Shepherdness, India submitted to ‘Your Outdoor Adventure’ on National Geographic.
See the National Geographic photo assignments that Kristian Bertel has participated in – Read the story about his photographs here…
Kristian Bertel has contributed to the National Geographic Your Shot photo community with an assignment called ‘Your Outdoor Adventure‘. For this assignment curated by Keith Ladzinski a National Geographic photographer wants us to photgraph an outdoor adventure. Adventure is a broad and personal experience that can be as large as climbing a tall mountain or as small as photographing life at the macro level in your garden. It is rooted in becoming emerged in an experience, curiosity, or discovery. He believes that photography offers this level of stimulation and engagement freely. This is an opportunity to think big. Plan a weekend road trip, break through creative barriers by seeing the same scene differently, try new techniques like mid-day long exposures by stacking filters, light-paint a scene at night.
As Keith is saying it: ”- In many ways this next assignment is a blank canvas, which really is a photographer’s dream shoot. I was fortunate to get an assignment with similar parameters last year from National Geographic Traveler: a road trip through Montana from point A to point B, with no agenda along the way but to go find photos. It pushed me harder having no definitive target out of the gate. In situations like this, you have to create the target, which in itself is an adventure. It requires location research, building out a creative shot list, finding the light, and working through self-designed deadlines to ensure you hit each location and avoid coming up empty handed. It’s a real motivator. I’m convinced that the camera is the gateway to adventure and this assignment is the ideal proving ground. I’m looking forward to being blown away with the images you all create ”, he says.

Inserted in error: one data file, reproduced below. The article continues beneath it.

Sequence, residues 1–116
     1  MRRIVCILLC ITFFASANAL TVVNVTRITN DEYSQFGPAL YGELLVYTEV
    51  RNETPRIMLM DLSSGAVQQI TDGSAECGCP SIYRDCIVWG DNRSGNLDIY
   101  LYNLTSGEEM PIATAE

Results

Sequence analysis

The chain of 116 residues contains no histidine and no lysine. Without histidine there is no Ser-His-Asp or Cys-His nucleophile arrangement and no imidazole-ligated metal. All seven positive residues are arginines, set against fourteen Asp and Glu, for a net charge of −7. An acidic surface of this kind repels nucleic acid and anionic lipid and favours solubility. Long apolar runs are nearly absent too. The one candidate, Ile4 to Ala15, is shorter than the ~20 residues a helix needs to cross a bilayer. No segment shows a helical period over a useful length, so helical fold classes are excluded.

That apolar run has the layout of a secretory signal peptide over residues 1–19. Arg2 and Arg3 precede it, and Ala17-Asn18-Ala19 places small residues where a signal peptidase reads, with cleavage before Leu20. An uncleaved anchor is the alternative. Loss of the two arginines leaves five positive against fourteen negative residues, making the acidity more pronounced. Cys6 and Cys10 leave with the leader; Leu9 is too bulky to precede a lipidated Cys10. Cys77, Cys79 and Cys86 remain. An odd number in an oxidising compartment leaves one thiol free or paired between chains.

About the submitted photograph
The photographer chose to submit a photograph of an Indian herdswoman in Maharashtra. Located in the West region, Maharashtra is the third largest state of India by size and the second largest by population. It stretches from the west coast to the interior regions and its climate too varies with its geography. Maharashtra contains India’s most industrialized region, the Mumbai-Pune belt. Agriculturally too, the state is one of India’s more advanced and well-irrigated. The northern and eastern parts of the state, however lag behind the western region. The Sahyadri range of mountains is an impressive hill range in the western parts of maharastra running north to south.
”There are many peaks in these ranges with medium height, highest being ‘kalsubai’ peak. Many of the hills have been converted into Forts by Chatrpati Shivaji and later maratha rulers, some forts are even older. Many of the forts are in ruins, but still there is a lot to see and experience”
An outdoor adventure in India
Trekking the forts and hills in the sahyadri’s has a charm of its own. Especially in the monsoons, its a place to die for, with lush greenery and pure waterfalls abundant in the hills. The treks range from very simple to absolutely tough. These western ghats are accessible from major cities like Mumbai, Pune and Nashik. Maharashtra has typical monsoon climate, with hot, rainy and cold weather seasons. However, dew, frost and hail also occur sometimes, depending upon the seasonal weather. The winter in January and February is followed by summer between March and May and the monsoon season between June and September. Summers are extreme with March, April and May as the hottest months. During April and May thunderstorms are common all over the state.
”- Traditionally, Marathi women commonly wore the sari, often distinctly designed according to local cultural customs. Most middle aged and young women in urban Maharashtra dress in western outfits such as skirts and trousers or Shalwar kameez with the traditionally Nauvari or nine-yard Lugade disappearing from the markets due to a lack of demand. Older women wear the five-yard Sari. In urban areas, the five-yard Sari, especially the Paithani, is worn by younger women for special occasions such as marriages and religious ceremonies. Among men, western dressing has greater acceptance. Men also wear traditional costumes such as the Dhoti and Pheta on cultural occasions”, the photographer Kristian Bertel says.
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Tags: #india #travel #portraits